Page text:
Explore the unusual attractions of Paris

If you have ever been to Paris, you have undoubtedly seen the Arc de Triomphe, the Louvre and the Eiffel Tower. There’s more to the French capital than meets the eye, from quaint landmarks to little-known museums.

To help you discover some little-known treasures, we have concocted this list of unusual places in Paris.

zero point

As you exit Notre Dame Cathedral, if you find people crossing a particular plaque or couples standing on it to kiss or even someone tossing a coin or two, don’t be surprised. Because this hard-to-locate marker in the shape of a compass rose with the words “Point Zero des Routes de France” engraved on a brass plaque in a public square at Notre-Dame Cathedral is associated with many quaint rituals and beliefs. Called Paris Point Zero, it is said to be the place from which all distances in the country were calculated. Among other things, people think that you will return to Paris if you pass through it.

Pere Lachaise Cemetery It might not seem like the most natural thing to do in romantic Paris – visit a cemetery. However, it is their exquisite architecture that we ask you not to miss. The largest is Père Lachaise, with beautiful monuments and tombstones.

Paris CatacombsThe Catacombs of Paris is a place that probably holds the strangest, most unsettling and chilling secrets in the city. The underground location is made up of over 6 million bones and skulls of people. You can also visit the Paris sewer museum, the Musée des Egouts, which tells the story of the sewers from the 14th century. The Vampire Museum, a museum dedicated to vampires and other fantastical creatures, is another unusual move.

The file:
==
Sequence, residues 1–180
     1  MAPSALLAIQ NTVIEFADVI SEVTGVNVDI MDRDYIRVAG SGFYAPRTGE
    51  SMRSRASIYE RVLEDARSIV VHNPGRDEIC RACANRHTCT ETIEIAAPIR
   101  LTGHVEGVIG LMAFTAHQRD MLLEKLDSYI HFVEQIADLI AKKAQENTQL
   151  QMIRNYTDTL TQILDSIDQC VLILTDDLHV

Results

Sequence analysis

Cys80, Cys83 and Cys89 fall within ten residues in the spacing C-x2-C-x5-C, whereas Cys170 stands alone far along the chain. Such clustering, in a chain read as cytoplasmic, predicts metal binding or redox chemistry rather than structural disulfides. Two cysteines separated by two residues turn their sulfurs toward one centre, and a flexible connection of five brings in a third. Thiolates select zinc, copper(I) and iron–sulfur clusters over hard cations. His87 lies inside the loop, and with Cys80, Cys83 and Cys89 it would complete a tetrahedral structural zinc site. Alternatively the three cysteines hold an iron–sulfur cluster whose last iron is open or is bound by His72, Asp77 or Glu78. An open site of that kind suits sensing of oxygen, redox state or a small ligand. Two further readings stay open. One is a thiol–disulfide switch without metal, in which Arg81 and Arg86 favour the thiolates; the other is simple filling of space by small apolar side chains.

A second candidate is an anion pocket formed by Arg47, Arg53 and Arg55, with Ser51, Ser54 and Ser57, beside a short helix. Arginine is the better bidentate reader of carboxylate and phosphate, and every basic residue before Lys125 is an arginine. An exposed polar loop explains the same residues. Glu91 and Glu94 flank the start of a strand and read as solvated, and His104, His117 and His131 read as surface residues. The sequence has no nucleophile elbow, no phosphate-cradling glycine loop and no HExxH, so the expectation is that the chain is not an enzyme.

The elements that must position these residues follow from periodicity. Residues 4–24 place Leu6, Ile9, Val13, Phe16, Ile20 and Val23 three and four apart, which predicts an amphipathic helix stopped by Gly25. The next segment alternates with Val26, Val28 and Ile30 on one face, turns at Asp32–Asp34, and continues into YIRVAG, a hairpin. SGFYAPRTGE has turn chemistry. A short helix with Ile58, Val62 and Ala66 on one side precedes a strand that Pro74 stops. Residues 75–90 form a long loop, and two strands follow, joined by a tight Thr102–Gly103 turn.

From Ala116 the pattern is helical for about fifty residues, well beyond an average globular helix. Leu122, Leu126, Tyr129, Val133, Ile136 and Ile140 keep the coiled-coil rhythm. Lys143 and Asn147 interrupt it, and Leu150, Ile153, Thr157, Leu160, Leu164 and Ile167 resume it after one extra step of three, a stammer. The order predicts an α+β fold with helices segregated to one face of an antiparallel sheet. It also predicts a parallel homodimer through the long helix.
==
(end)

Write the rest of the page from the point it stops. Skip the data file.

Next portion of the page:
Red Children’s Market

Red Children's MarketThe name of the place, which translates to “Red Children’s Market”, makes it one of the oldest markets in the city. Its name comes from an orphanage that once stood there and was abandoned before the r frenchevolution. The covered market, which opened in 1698, offers some of the most delicious cuisines in the world, including Japanese, African, Italian and, of course, French. The 150-year-old Marché aux Puces de Saint-Ouen, the largest flea market in the world, is located nearby.

The city has much more to offer than just “romance” with its many historical sites and museums. You can also go on an expedition on the theme of French cinema, continue culinary excursions, zip around the city in a vintage French sidecar, and admire paintings, sculptures, and other works of art. Simply stroll through the labyrinthine streets of the French capital; you never know what you will find!